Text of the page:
Two officers are facing charges after one was accused of vandalizing a home and terrorizing a family over a Black Lives Matter flag, and the second drove his fellow officer straight home instead of facing consequences
On Oct. 31, Forest Grove, Oregon resident Mirella Castaneda and her husband, Pablo Weimann, were awakened by the sound of their truck alarm and allegedly saw Forest Grove police officer Steven Teets, off-duty at the time, in their driveway around 12:30 a.m., banging on a Black Lives Matter sign that hung over the couple’s garage. According to Castaneda, he then made his way to their front door and began kicking and pounding it.
Teets was allegedly “highly intoxicated” during the time of the attack.
“I have never encountered anyone as aggressive and angry as this guy,” Castaneda told Pamplin Media Group. “He was scary. … This guy was violent.”
As a result of the incident, Teets faces charges of second-degree criminal mischief and second-degree disorderly conduct. He has been placed on administrative desk duty since November 2020.
According to his Nov. 10 indictment, he “did unlawfully and intentionally damage holiday decorations, outdoor lighting, and other items of personal property” belonging to the couple. It also reads he “did unlawfully and recklessly create a risk of … alarm” by engaging in “violent, tumultuous or threatening behavior.”
On Thursday, May 6, a second officer, Bradley Schuetz, was indicted by a grand jury on one count of first-degree official misconduct for driving Teets home after the attack, instead of placing him under arrest. He was arrested, cited and released, police said.
By failing to arrest Teets at the time, Schuetz “prevented the investigation from happening,” said Beaverton police Sgt. Kevin MacDonald, whose police department was asked to investigate Schuetz’s involvement by Forest Grove PD.
“We came up short in some areas,” Forest Grove sheriff Pat Garrett said of the department’s response. “We accept that. And we are in the process of learning how we’re going to do that better.”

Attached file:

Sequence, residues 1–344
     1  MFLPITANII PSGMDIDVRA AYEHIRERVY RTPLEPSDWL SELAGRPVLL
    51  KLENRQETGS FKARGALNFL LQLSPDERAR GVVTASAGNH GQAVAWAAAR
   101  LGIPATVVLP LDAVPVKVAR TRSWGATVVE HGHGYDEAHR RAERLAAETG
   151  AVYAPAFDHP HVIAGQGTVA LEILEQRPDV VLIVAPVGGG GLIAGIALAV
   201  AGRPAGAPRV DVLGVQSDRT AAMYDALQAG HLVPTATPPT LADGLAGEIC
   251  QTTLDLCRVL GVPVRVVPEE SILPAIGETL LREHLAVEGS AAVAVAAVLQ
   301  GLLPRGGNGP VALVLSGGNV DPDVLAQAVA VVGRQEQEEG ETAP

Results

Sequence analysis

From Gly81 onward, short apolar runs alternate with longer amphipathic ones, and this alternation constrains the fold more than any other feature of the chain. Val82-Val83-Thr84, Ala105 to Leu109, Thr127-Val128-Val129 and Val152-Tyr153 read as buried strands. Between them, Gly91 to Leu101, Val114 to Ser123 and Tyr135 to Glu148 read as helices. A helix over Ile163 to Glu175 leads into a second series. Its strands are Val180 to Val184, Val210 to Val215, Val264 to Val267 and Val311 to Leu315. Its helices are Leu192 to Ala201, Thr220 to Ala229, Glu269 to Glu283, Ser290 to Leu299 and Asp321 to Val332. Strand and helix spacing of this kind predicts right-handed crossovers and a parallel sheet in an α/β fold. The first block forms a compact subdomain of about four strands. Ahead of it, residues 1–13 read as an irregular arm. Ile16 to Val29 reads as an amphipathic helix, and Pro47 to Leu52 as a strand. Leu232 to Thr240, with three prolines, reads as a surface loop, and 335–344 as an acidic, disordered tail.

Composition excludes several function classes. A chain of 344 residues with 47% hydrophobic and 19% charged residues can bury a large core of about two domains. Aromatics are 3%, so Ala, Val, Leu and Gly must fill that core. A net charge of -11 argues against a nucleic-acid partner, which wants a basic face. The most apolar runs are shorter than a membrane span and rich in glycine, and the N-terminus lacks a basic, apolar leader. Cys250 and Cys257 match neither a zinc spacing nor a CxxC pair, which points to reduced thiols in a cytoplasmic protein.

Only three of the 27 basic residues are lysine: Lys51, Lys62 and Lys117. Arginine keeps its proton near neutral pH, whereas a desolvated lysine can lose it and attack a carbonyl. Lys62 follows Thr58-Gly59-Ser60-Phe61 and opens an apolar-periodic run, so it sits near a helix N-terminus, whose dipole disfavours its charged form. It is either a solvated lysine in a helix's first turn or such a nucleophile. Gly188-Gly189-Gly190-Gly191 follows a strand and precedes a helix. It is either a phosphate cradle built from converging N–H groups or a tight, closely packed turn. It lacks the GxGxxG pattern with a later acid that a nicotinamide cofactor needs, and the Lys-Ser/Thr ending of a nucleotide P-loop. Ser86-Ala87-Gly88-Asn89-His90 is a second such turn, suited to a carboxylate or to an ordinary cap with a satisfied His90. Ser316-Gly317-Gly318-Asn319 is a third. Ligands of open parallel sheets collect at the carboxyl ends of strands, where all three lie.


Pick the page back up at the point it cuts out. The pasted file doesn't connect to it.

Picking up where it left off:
Forest Grove police chief Henry Reimann expressed his hesitance at sharing too many details about the investigation, but maintains that “transparency is a key component of our policing plan in Forest Grove.”
He added, “I also understand that there is substantial public interest in the status of the investigations into the incident that occurred on Halloween night, including how members of the Forest Grove Police Department responded to an incident involving an off-duty Forest Grove police officer,” reads the statement. “Investigations into that incident are under review by a number of outside public agencies and any information the City has at this moment is unverified and incomplete. Sharing such information at this time (or rushing to make decisions based on partial information) could do more harm than good and could potentially hinder the City’s ability to address these important issues.”
In his message, Chief Reimann uses the recent reinstatement of Atlanta officer Garrett Rolfe “despite the fact that he is still under criminal investigation and prosecution for Mr. Brooks’ death,” as an example of the outcome he’s attempting to avoid.
“To highlight the importance of due process and the need to follow state law and city policy prior to any employment decision, I recently became aware of a situation in Atlanta involving an officer-involved shooting,” it reads. “In that case, the officer charged with shooting a citizen, Rayshard Brooks, was fired immediately after the incident. The officer challenged his termination on due process grounds and a review panel agreed with the officer and reinstated him, despite the fact that he is still under criminal investigation and prosecution for Mr. Brooks’ death. I’m committed to due process to avoid a similar outcome, if, in fact, discipline is warranted.”
Castaneda has since filed a lawsuit against the Forest Grove Police Department, claiming that police allegedly “worked in concert, either intentionally, or subconsciously due to implicit bias, to deprive Ms. Castaneda of her Constitutional rights” during their investigation of the events that took place on Halloween night.
Teets’ attorney, Derek Ashton, issued a statement saying, “Steven is a 10-year Army veteran whose service included combat deployments in Iraq and Afghanistan. In 2009, he was honorably discharged as a Staff Sergeant, earned a bachelor’s degree, and became a Forest Grove police officer. These are stressful times for the strongest among us. Steven is addressing a personal issue for which he deserves support and understanding rather than condemnation.”
Teets’ trial has been scheduled for this summer.